Great challenge equals great opportunity

We speak to Darragh McCarthy of Morgan Stanley

What has been your take on the events of the past few weeks?

Since September 15 when Lehman Brothers filed for bankruptcy the chain of events that has transpired has been unprecedented. That was shortly followed by the AIG bailout and Bank of America's takeover of Merrill Lynch - three 'once in a lifetime' events in the space of a week. It has undoubtedly been a very unusual period in which to be working in financial markets but the upside of the situation is that the demand for financial advice is currently unparalleled. Our firm has found itself the most sought after financial advisor over the past few weeks as the amount of advisory work we've carried out has quadrupled.

Having weathered the worst of the storm, how is Morgan Stanley placed going forward?

Morgan Stanley is a leader in investment banking and is well positioned to weather the current industry-wide crisis. We've become a bank holding company, which will ensure we have both the stability and flexibility to deal with current market conditions. We have a robust infrastructure across each of our divisions - Sales and Trading, Investment Banking, Global Wealth Management and Asset Management - and strong company management, which should stand us in good stead. We've also entered a strategic alliance with Mitsubishi UFJ which puts us in an even stronger position. Our focus continues to be on providing world-class service and outstanding advice to our clients, as well as delivering long-term value to our shareholders.

To what extent do you think greater risk controls are a good thing going forward and how long do you think it will take for the appetite for risk as it was two years ago to come back, if at all?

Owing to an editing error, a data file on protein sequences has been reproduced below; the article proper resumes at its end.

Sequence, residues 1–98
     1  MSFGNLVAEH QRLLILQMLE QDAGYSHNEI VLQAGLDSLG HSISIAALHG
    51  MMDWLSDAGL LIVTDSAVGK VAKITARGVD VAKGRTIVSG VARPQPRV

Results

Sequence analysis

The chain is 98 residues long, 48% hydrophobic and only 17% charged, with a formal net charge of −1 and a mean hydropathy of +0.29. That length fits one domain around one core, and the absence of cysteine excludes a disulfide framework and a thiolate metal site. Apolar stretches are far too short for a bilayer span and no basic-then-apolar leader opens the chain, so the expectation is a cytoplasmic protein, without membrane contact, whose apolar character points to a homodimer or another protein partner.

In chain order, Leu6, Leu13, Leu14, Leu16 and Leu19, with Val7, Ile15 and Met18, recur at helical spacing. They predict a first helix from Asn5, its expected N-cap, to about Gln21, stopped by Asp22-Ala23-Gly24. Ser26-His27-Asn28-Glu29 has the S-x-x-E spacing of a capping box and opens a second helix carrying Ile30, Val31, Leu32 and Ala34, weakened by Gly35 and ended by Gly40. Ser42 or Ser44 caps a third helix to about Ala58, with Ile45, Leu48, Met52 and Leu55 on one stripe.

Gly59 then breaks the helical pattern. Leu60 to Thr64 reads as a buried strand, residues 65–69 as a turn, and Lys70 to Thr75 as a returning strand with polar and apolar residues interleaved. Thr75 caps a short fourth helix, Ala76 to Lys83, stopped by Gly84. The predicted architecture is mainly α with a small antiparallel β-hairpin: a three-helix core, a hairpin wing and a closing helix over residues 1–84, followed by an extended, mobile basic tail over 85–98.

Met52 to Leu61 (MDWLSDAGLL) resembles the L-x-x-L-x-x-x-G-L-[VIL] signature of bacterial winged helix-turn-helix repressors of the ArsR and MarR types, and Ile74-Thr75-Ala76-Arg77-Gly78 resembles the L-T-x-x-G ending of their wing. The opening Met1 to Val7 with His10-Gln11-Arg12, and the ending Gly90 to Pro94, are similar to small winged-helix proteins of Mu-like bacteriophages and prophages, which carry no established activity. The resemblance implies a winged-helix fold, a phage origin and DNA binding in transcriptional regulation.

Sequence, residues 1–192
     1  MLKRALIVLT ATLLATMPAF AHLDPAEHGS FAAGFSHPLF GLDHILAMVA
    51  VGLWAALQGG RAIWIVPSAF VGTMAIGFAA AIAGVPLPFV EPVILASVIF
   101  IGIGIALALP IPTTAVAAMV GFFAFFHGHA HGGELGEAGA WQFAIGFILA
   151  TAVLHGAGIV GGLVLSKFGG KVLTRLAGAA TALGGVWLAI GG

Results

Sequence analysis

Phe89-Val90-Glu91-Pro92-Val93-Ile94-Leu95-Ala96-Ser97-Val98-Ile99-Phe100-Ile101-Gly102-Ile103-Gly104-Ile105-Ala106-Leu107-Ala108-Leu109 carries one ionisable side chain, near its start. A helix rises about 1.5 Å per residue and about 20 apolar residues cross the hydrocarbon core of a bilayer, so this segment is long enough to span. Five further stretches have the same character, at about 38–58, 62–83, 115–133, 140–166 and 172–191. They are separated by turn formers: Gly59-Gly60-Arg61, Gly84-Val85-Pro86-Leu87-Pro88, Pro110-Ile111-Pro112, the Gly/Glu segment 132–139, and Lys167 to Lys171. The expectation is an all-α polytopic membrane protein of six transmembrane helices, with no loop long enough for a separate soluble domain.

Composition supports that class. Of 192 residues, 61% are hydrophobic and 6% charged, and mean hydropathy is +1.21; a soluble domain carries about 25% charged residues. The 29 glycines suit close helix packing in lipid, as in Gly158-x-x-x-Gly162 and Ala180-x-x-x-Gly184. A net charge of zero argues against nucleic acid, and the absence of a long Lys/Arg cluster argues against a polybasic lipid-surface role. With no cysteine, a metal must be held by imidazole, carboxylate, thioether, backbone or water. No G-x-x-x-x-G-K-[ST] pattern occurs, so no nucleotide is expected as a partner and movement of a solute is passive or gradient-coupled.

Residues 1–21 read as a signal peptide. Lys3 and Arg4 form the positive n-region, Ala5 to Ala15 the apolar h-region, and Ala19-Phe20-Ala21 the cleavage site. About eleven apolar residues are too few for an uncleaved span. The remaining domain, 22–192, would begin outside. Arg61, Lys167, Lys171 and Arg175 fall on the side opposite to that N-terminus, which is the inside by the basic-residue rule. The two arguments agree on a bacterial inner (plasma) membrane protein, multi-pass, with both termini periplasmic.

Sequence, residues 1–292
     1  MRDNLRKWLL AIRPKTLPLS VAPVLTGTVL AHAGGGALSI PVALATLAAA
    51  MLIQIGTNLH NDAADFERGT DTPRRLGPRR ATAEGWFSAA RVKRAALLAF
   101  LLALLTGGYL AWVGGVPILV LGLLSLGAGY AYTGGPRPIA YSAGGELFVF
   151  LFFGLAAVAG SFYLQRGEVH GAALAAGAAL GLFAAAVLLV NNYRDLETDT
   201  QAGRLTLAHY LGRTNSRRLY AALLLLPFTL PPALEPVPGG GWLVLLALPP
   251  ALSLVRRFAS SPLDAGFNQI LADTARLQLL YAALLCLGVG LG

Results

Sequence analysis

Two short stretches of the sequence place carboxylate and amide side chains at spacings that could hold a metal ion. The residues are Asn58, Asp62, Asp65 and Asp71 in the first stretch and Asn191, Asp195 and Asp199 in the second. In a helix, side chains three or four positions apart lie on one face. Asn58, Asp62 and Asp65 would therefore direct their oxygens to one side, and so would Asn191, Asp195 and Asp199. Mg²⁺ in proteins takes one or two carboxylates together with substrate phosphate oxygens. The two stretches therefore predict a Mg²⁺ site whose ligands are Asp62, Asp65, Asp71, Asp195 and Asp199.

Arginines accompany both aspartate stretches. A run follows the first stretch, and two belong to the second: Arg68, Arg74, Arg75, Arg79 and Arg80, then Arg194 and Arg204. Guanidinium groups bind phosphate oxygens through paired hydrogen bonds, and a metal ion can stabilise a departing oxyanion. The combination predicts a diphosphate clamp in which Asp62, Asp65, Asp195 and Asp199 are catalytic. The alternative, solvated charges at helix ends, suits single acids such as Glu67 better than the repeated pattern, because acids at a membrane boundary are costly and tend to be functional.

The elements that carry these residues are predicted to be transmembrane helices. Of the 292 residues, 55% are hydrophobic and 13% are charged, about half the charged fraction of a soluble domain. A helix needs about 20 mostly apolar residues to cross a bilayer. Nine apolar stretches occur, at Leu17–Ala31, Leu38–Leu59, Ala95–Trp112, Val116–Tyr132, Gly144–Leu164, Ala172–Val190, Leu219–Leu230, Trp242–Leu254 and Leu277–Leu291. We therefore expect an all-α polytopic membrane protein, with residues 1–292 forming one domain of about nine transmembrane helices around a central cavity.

In the current climate risk-taking has been severely dampened by what has taken place, whilst fear has quadrupled. When fear overtakes risk-taking to the extent it has done, people are no longer willing to take risks - and without any risks you find yourself in a stalemate. The 'belief' which is now lacking in the market will come back, though it may take another 12-18 months for 'normality' to return. I would agree with those who have pushed for greater regulation of the kind of risks that financial institutions had been taking. Strong risk management and controls are an essential part of investment banking in any climate. That's unlikely to change - as is an appetite for much greater risk - especially as markets remain cautious and banks look to maintain the most robust practices possible.

Should recent graduates be particularly worried about starting a career in investment banking at this time?

In this current economic downturn it is only natural to worry. The bleaker picture across the industry is in stark contrast with last year, when universities and employers reported robust hiring, and students in finance, accounting and other fields were choosing among numerous offers. However, graduate talent management happens regardless of market conditions and the search for top talent is a continual process and one that requires careful planning. For those entering the profession at the moment the opportunities that will come your way are going to be unprecedented. It is easy to be a star when things are good but the greater challenge of working in the current environment is where the truly great individuals will shine. Like most things in life, financial markets are cyclical and if you join at the bottom of the cycle you will be in an extremely advantageous position when the economy and markets rebound. As a young person working in banking in an ever smaller pool of firms, the volume and scale of the projects you will have the chance to work on will be immense and there will be a real opportunity to rise up the ranks in record time.